Friday, September 20, 2019
The Critical but Overlooked Factor in an Early Retirement
Anthony C. Kure, CFP®

Anthony C. Kure, CFP®

Managing Director of Northeastern Ohio Market, Principal
Wealth Management, Cleveland - Akron

The Critical but Overlooked Factor in an Early Retirement

When considering retirement, the most generally accepted age people target is the magical age of 65. However, it’s not uncommon for us to work with folks who, due to their diligent saving and spending habits (and prudent financial counsel!), are on track to retire before then. 

In many cases, these client discussions are a pleasure. We get to talk about how they can enjoy retirement and still have resources to travel, help with the grandkids’ education, or buy that vacation home in the South. But as their advisors, we also must ensure we temper these spending dreams by including a critical and often overlooked drain on cash flow – health care costs.

We must factor in these costs both before and after Medicare kicks in, typically at age 65, as they can be substantial. A recent report from HealthView Services (which we discuss below) shows how large these costs can be. While there is no way to accurately predict these costs, it makes sense to incorporate conservative estimates into the retirement cash flow plan. The health care industry is rapidly evolving, and costs have continued to rise over the years.

Pre-Medicare Costs

As anyone who is not on an employer-supplemented health plan knows, health insurance premiums are expensive and continue to rise. And while the pre-65 years are typically lower risk, everyone’s health situation is unique and must be considered. For example, when we have a retiree targeting retirement at age 55, we typically assume $1,200 per month (as a minimum) per couple for health insurance premiums until they reach Medicare eligibility. Keep in mind that even with this level of premium there are other costs to consider, as this price implies a high-deductible plan that will require ample cash reserves to cover out-of-pocket costs. We also apply a higher-than-inflation annual increase in premiums of about 4-5% per year.

Post-Medicare Costs

In their recent “Retirement Health Care Data Report” HealthView Services (a health-care cost software provider) points out that just because a retiree is covered by Medicare does not mean they are in the clear for medical expenses. They estimate that the typical 65 year old couple retiring this year will incur almost $364,000 of out-of-pocket medical expenses (that would NOT be covered by Medicare) over their lifetime. What are all these costs? They include Medicare Part B and Part D premiums, supplemental Medigap insurance costs, as well as hearing, dental, and vision costs. (Note: This assumes a healthy male and female couple with life expectancies of 87 and 89, respectively, and Modified Adjusted Gross Income (MAGI) below $170,000, which avoids the Medicare surcharges.)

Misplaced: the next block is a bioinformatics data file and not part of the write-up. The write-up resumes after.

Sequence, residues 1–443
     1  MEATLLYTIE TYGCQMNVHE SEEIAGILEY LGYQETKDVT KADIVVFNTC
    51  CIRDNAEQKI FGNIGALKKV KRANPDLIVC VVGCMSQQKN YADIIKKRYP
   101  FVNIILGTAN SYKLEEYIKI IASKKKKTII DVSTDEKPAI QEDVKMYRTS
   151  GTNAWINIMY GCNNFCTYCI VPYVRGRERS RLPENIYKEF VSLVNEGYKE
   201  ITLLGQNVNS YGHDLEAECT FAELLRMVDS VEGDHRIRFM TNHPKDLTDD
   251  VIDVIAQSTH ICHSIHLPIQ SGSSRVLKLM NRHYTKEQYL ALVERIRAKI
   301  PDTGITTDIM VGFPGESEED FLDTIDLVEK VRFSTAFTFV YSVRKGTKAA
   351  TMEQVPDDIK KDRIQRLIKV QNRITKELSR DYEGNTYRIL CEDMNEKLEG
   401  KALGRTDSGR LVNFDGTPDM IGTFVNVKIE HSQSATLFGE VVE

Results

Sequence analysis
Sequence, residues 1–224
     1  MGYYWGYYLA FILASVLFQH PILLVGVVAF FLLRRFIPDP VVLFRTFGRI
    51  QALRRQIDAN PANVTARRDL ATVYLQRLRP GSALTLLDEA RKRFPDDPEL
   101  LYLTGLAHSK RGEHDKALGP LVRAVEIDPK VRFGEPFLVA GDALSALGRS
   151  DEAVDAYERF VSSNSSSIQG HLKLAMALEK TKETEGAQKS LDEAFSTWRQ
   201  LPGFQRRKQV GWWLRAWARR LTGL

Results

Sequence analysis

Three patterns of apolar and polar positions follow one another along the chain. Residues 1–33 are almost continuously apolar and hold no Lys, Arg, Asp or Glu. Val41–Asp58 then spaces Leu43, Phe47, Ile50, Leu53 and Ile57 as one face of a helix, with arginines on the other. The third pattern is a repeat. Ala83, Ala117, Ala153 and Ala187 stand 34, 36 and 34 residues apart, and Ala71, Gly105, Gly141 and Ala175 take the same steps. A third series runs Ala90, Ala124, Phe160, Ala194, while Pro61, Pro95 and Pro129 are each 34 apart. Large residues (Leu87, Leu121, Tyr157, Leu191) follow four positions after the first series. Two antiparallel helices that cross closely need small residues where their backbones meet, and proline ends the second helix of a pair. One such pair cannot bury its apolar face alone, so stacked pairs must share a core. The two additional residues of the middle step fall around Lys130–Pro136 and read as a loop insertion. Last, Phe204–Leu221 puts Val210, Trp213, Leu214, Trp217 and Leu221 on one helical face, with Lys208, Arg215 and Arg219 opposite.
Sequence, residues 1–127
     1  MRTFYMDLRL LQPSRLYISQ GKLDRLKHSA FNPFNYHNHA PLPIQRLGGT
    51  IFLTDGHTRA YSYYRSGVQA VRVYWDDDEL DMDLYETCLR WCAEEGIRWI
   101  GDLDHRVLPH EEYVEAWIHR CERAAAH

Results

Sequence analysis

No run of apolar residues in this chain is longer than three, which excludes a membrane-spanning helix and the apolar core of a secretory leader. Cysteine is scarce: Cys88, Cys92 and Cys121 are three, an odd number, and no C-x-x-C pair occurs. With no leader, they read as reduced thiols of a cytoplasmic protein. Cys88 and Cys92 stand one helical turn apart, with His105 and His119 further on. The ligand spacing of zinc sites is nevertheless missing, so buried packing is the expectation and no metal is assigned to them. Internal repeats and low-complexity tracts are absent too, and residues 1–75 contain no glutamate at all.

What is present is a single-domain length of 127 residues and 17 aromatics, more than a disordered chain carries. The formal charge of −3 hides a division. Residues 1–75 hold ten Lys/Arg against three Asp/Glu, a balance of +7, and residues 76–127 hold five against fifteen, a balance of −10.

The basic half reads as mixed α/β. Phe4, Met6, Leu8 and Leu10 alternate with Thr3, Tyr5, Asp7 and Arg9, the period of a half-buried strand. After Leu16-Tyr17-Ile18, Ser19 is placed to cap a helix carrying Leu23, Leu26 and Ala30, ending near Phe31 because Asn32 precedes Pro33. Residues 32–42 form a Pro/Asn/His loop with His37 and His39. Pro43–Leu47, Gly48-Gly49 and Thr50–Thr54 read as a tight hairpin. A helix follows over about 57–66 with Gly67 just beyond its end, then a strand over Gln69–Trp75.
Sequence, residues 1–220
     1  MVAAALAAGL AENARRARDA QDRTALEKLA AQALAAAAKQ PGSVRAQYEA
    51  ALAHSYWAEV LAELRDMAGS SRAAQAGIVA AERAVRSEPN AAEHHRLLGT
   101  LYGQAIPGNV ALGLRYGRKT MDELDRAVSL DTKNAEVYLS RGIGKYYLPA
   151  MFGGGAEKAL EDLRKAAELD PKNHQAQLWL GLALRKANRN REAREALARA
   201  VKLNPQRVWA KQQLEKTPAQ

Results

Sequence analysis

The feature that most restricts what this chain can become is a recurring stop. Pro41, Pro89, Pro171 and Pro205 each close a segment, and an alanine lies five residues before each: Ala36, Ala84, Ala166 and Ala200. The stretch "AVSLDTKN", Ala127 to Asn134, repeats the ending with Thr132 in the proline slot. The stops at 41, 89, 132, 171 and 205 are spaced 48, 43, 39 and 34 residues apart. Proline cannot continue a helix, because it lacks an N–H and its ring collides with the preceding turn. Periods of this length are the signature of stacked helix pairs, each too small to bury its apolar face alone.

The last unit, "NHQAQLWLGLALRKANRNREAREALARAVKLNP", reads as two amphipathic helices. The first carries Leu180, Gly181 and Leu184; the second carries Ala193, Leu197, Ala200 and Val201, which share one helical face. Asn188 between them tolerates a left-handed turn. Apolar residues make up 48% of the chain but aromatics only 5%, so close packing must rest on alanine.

Looking forward, HealthView projects health care expenses could average an increase of over 4.2% per year, which would likely outpace any Social Security and/or pension inflation adjustments (if any) that retirees may rely on to meet fixed costs.  This would assuredly put the squeeze on those travel and vacation home plans if not properly accounted for in the cash flow plan.

What to Do Now

This is certainly the time to start factoring in these costs as a very real cash flow concern whether you plan on retiring at 50 or 75. So what to do?

  1. Be realistic: When taking a hard look at living expenses and cash flow in retirement, it is critical to include a conservative estimate for what could be a significant out-of-pocket expense. This would include factoring in an inflation rate for these specific expenses which, as noted above, is expected to quickly outpace other expenses and fixed sources of income. Finally, it is imperative any retirement cash flow projection includes both pre-Medicare and post-Medicare costs.

  2. Increase retirement savings rates: Obviously, investing as much as possible prior to retirement allows for at least some measure of growth in order to help fund health care expenses. Bumping up payroll withholdings a little more now can be a lot less painful than writing big checks in retirement. 

  3. If available, max out annual Health Savings Accounts (HSA) contributions: As discussed in our blog from April 2019 (click here to read: The Under the Radar Retirement Savings Plan we are strong proponents of Health Care Savings accounts. These are essentially tax-deferred “Healthcare IRAs” and allow participants in a high deductible health care plan to save up to $8,000 (family plan with catch-up contributions) for future health care expenses in an account owned by the contributor, not the employer.  


Taking all this into consideration, some folks may conclude they should actually wait a year or two to retire in order to save more, allow their investments to grow, and minimize the time needed to bridge the gap to Medicare eligibility. Even when Medicare coverage is in place, healthcare still costs need to be accounted for. While working a little longer may be disappointing, it is much better than getting that first health care bill in the mail and realizing retirement cash flow is unsustainable!

Find more practical advice on a wide variety of wealth management topics by exploring our JIC Blog: Beyond the Numbers library.